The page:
Amazon, Apple, Target and leaders of 80 business groups warn Congress of “imminent crisis” in the face of DACA

Amazon, Apple, Target and leaders of 80 business groups warn Congress of “imminent crisis” in the face of DACA

Leaders of 80 business groups, including large companies such as Microsoft, Apple and Target, warn Congress that the US would lose $ 1,000 million dollars per month if DACA ends, for which they urged to approve a definitive protection for the ‘dreamers’

The more than 600,000 ‘dreamers’ protected with Deferred Action for Childhood Arrivals (DACA) contribute $11 billion annually to the United States economy, so leaving them without immigration protection would unleash a “crisis,” warned 80 leaders business.

“We represent the backbone of an American economy facing immense workforce challenges in the wake of the pandemic. We will face another crisis if Congress fails to act on an issue that has strong bipartisan support from the American people,” says the letter sent to Congress in reference to DACA.

They add that the end of this program will mean that some 22,000 jobs would be lost every month for the next two years, if Congress does not act.

That equates to nearly 1,000 job losses per workday at a time when the US economy is already facing significant labor shortages. “When a DACA recipient’s last work permit expires, the US will have lost more than 500,000 jobs, and the economy will lose as much as $11.7 billion annually—about $1 billion a month—in DACA recipient income. who used to be employed.

Signatories include the American Hotel and Lodging Association, the Business Roundtable, the National Association of Manufacturers, the National Federation of Retail Trades, the Association of Retail Industry Leaders, and the United States Chamber of Commerce. .

“We write on behalf of thousands of American companies, large and small, representing every major sector of the US economy and more than half of the country’s private sector workers,” the letter says.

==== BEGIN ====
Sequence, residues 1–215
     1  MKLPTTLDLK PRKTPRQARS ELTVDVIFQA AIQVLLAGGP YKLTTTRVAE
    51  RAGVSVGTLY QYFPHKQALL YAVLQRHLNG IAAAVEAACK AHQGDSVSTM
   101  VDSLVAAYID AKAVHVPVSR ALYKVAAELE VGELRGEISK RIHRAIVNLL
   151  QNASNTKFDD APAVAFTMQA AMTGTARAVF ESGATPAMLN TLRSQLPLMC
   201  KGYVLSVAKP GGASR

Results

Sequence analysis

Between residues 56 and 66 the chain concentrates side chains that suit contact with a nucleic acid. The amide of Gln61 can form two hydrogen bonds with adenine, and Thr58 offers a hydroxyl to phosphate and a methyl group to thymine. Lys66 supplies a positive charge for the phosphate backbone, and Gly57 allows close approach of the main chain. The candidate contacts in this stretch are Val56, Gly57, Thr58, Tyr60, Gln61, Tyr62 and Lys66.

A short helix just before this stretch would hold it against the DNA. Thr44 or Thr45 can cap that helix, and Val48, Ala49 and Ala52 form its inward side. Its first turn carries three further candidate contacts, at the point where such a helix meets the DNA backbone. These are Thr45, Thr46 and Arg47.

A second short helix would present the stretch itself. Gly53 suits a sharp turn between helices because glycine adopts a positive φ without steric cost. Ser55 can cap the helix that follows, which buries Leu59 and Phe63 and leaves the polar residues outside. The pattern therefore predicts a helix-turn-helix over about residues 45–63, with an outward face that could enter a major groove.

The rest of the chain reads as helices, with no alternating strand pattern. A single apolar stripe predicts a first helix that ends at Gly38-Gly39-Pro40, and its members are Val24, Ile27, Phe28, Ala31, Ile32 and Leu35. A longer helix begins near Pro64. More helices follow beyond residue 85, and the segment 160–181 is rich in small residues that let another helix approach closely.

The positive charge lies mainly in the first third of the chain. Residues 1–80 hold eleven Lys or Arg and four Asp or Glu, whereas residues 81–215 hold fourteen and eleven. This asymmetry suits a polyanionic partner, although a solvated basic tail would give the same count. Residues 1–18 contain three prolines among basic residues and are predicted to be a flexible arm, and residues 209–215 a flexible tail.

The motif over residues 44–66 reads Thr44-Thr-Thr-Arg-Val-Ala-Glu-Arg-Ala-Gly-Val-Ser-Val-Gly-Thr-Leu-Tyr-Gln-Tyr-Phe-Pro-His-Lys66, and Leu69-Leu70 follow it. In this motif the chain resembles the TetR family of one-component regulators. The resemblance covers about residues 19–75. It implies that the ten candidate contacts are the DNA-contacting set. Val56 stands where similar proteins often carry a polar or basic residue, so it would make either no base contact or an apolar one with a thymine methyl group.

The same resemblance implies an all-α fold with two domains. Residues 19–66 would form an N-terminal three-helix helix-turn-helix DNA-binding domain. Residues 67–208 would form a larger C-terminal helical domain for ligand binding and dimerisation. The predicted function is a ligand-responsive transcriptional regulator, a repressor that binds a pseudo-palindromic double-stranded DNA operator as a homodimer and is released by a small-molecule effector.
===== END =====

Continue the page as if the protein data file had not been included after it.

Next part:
It was also signed by large companies, such as Amazon, Apple, Cisco, Eli Lilly, General Motors, Hilton, IBM, IKEA, Levi Strauss, Microsoft, Molson Coors, Target and Verizon.

“Dreamers are an essential part of the fabric of our nation. They strengthen communities, make our companies more innovative, and deserve the right to live with dignity in the United States […]. It’s time for Congress to act,” said Tim Cook, Apple’s CEO.

Brad Smith, vice president and president of Microsoft, spoke in the same vein.

“The Fifth Circuit’s decision makes their [Dreamers’] future more uncertain than ever […]. We need Congress to implement a bipartisan legal solution,” he said.

What is the concern

The pressure from businessmen comes after Judge Andrew Hanen took up the case sent by the Court of Appeals for the Fifth Circuit and determined that DACA is an “illegal” program, but will only allow renewals while making a final decision.

On October 31, the Department of Homeland Security (DHS) will operate the new rule on DACA, which passed the Federal Register process, but could face another serious legal challenge in court.

“In recent years, this coalition has called on Congress to act and pass a permanent, bipartisan legal solution that would allow Dreamers who currently live, work and contribute to our communities to continue doing so,” the signatories say.

Employers cite polls on the strong support of Americans (71%), regardless of whether they are Democrats or Republicans, to protect these immigrants.

“At NAM we advocate for our comprehensive immigration agenda called ‘A Way Forward’ and Congress must provide certainty to millions of Dreamers who came here as children,” said Jay Timmons, President and CEO. of the National Association of Manufacturers.

Matthew Shay, president and CEO of the National Federation of Retail Businesses, also urged that Dreamers be allowed legal residency.

The lawsuit that led to Judge Hanen’s decision was initiated by Texas Republican Attorney General Ken Paxton, filed alongside his counterparts from Alabama, Arkansas, Kansas, Louisiana, Mississippi, Nebraska, South Carolina and West Virginia. .

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